Trying to stick to a budget can be a challenge. Avoid the budget busters and increase your chances of success by following these six Mindful tips for financial victory.
Having a budget just makes financial sense, but unfortunately, not everyone takes the time to do so. According to a Gallup poll, one in three Americans prepares a budget. This means that a majority of Americans do not plan their finances in advance, which can contribute to hefty financial costs like increased debt and smaller savings. But, having a budget doesn’t offer immunity to financial mismanagement. Many people with budgets fall short of their plans due to budget busters.
Many of Americans have trouble keeping to their budget, though the reasons for our budgetary transgressions vary. According to a poll from the Principal Financial Group, food is the biggest budget buster, with 22 percent of the participants admitting that they spend more money on dining out than they budgeted. Twenty-one percent said they overspent on groceries. Twenty percent said they spent more on gas than they budgeted. And entertainment and clothing/shoes are both major budget busters for 15 percent of the participants.
Save Money By Avoiding These Budget Busters
You can overcome some of these challenges with the Mindful tips for budget busters listed below.
- Unwise food decisions. There’s a reason why dining out is the top budget buster among Americans; it’s delicious, requires little work, and it’s fun. But try to avoid the temptation, because with tip and gas included, it can be quite costly. Instead, plan social gatherings in your own home and encourage everyone to bring a dish. Beware of grocery store “super savers,” as they can actual bust your budget. Avoid coupons that require you to spend money on things you don’t need in order to get savings. Don’t buy things in bulk that you’ll never need or finish. And beware of buying prepared meals; they can be costly.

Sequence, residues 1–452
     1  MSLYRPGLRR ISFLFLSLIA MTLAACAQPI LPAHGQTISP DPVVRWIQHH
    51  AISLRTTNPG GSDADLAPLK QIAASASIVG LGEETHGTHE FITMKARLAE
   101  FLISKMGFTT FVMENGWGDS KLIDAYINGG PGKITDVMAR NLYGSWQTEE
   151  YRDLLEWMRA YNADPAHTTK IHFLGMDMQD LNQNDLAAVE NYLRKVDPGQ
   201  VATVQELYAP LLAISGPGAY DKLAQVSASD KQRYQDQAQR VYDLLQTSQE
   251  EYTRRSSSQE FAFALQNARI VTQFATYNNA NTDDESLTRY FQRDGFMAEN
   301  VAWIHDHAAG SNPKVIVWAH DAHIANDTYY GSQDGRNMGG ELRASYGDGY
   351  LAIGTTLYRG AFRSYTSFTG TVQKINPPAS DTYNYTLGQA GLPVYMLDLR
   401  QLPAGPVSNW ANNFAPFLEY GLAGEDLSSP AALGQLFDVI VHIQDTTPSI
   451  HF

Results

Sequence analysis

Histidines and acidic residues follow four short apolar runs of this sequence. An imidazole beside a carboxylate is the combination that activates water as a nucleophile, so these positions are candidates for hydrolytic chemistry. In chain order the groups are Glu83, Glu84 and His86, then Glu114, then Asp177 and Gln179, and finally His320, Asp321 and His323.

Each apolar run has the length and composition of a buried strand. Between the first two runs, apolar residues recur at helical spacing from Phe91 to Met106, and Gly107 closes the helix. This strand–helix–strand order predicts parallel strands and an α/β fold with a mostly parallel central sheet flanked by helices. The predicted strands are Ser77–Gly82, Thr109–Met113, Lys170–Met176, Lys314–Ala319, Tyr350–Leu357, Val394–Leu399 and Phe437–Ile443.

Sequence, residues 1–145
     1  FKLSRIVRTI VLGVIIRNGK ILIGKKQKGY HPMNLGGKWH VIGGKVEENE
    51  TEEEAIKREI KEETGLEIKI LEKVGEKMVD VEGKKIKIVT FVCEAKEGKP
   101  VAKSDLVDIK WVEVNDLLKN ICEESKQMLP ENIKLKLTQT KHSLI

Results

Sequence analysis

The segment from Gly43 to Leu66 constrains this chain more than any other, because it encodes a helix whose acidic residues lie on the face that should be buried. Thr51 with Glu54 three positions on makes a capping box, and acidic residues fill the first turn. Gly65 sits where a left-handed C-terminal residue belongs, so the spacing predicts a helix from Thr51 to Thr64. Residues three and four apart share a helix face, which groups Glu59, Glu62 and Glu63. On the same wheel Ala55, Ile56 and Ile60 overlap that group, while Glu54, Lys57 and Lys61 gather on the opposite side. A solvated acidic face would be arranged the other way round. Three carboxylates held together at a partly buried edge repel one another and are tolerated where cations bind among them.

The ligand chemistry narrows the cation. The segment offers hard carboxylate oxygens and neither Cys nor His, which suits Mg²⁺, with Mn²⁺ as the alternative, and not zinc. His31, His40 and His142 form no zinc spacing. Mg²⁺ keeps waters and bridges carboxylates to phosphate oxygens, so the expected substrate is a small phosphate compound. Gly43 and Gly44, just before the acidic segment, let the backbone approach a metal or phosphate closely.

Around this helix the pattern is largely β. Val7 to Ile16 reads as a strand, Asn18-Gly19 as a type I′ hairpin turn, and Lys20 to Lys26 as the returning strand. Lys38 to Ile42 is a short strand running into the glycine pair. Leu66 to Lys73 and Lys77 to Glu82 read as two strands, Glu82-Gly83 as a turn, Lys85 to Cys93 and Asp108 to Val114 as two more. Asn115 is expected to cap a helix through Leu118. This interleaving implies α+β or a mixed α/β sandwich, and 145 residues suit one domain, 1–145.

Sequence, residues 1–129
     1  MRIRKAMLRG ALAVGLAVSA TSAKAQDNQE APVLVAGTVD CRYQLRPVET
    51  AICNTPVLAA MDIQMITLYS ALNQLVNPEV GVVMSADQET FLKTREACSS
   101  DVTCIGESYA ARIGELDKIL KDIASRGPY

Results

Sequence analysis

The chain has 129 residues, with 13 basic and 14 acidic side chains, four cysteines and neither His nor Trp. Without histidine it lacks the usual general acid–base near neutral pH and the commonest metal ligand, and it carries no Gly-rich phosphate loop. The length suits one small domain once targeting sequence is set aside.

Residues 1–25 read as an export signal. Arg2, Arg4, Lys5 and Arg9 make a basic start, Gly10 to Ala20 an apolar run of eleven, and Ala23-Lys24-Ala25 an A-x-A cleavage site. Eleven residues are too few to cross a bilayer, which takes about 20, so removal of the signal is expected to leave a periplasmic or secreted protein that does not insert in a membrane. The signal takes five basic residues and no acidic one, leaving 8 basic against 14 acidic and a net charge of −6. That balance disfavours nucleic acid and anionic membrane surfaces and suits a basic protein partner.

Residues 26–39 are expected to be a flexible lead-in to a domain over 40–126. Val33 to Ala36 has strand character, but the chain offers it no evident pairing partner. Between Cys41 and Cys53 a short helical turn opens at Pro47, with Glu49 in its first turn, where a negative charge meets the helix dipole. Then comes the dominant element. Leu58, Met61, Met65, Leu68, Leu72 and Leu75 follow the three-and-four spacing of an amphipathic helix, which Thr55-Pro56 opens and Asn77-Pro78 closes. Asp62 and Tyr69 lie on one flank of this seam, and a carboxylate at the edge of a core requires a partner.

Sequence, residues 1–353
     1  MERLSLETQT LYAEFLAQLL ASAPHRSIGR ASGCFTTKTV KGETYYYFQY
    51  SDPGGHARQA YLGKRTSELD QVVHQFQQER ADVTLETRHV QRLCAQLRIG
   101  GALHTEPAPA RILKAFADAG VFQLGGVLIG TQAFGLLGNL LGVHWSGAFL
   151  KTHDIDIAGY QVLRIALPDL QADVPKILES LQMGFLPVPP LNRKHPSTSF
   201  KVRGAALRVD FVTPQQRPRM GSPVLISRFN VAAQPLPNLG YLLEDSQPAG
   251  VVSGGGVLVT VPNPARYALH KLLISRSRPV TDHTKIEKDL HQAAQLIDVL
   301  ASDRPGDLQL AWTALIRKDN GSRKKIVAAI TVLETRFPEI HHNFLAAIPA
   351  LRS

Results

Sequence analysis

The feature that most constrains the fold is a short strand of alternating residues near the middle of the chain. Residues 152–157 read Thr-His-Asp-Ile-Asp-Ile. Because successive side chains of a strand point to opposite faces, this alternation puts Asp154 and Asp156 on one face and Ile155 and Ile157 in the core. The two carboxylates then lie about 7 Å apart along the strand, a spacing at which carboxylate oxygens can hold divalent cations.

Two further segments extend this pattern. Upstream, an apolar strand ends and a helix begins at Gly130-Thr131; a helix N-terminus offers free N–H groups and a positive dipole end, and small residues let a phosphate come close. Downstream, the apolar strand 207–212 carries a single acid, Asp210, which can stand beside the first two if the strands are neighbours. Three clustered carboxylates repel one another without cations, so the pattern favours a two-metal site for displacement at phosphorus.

- Driving without an agenda. Gas is a necessary expense for many Americans, but you can still cut back. To save gas (and save your budget), start creating a driving agenda by mapping our the most gas efficient route.
- Credit card rewards. Everyone likes getting bonuses and perks, but be cautious. Most credit card companies offer rewards or points for frequent purchases, but with a budget, you should be limiting unnecessary purchases. And while many of these points can be used for things that people want, it doesn’t necessarily buy things that people need.
- The little things. When budgeting, many people focus on the big purchases (like rent/mortgage payments, student loan payments, or car notes), but you shouldn’t overlook smaller frequent purchases. A daily Starbucks coffee can add up. Downloading new apps that cost one dollar or even five dollars may not seem like a big deal, but it can add up if you make frequent purchases. Stop this budget buster, by keeping a sharp eye on all your purchases.
- Winging it. Many people have a retirement savings plan or savings for future big purchases like a house or a car, but not enough Americans have savings for emergencies. A dead car battery or a sick loved one can be a difficult thing to manage, but they shouldn’t wipe you out. Stop “winging it” and be prepared for emergencies by saving extra money every month of incidentals.
- Costly family spending habits. Budgeting is a family affair. If you have a partner or kids, it’s important that they get on board with your plans. When your family doesn’t stick to the budget, all of your planning is for nothing. Sometimes it’s hard to get your loved ones to change their costly habits, but try to get them involved in the planning process, so they will fill more invested and dedicated to saving money.